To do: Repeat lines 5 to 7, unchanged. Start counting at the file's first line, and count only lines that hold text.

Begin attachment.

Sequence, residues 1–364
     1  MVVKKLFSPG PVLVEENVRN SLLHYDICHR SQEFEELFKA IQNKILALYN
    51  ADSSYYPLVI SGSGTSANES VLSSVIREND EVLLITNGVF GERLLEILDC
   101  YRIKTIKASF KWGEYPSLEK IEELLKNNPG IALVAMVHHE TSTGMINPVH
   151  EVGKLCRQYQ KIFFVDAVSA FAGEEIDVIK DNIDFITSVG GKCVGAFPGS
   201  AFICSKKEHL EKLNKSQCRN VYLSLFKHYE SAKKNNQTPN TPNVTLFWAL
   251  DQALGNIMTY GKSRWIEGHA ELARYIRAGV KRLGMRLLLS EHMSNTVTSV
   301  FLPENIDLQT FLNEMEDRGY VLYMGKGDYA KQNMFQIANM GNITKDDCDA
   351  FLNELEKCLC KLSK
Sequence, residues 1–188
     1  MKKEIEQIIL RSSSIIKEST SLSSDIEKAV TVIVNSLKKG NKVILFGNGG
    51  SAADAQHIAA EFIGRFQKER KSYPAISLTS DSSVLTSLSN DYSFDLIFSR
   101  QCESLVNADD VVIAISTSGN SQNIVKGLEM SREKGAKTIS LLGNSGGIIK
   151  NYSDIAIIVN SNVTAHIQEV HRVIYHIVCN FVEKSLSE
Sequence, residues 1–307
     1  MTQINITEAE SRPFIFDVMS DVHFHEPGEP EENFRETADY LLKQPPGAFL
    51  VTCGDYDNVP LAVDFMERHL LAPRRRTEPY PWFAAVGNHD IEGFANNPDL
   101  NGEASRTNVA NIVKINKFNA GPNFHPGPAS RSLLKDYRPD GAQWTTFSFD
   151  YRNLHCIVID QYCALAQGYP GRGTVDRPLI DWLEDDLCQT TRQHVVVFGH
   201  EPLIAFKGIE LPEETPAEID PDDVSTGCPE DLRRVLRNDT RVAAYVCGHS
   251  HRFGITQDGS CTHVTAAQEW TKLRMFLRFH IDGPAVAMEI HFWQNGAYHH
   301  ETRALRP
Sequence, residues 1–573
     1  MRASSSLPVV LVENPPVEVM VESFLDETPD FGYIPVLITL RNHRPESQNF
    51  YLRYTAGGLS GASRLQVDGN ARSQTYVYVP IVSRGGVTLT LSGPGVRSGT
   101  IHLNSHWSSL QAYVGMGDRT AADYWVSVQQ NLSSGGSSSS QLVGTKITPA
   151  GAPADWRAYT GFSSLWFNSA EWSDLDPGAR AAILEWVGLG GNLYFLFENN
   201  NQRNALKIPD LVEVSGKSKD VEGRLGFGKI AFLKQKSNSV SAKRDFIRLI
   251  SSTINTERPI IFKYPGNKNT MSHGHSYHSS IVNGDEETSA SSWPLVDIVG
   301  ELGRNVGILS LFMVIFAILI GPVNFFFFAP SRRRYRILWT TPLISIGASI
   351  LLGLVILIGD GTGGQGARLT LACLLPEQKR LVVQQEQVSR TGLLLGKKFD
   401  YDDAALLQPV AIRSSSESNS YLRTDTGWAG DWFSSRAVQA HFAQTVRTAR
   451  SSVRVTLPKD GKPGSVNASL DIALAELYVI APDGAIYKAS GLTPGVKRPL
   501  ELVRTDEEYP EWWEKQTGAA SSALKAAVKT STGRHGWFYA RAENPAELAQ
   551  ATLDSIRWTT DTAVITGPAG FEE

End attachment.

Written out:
   151  EVGKLCRQYQ KIFFVDAVSA FAGEEIDVIK DNIDFITSVG GKCVGAFPGS
   201  AFICSKKEHL EKLNKSQCRN VYLSLFKHYE SAKKNNQTPN TPNVTLFWAL
   251  DQALGNIMTY GKSRWIEGHA ELARYIRAGV KRLGMRLLLS EHMSNTVTSV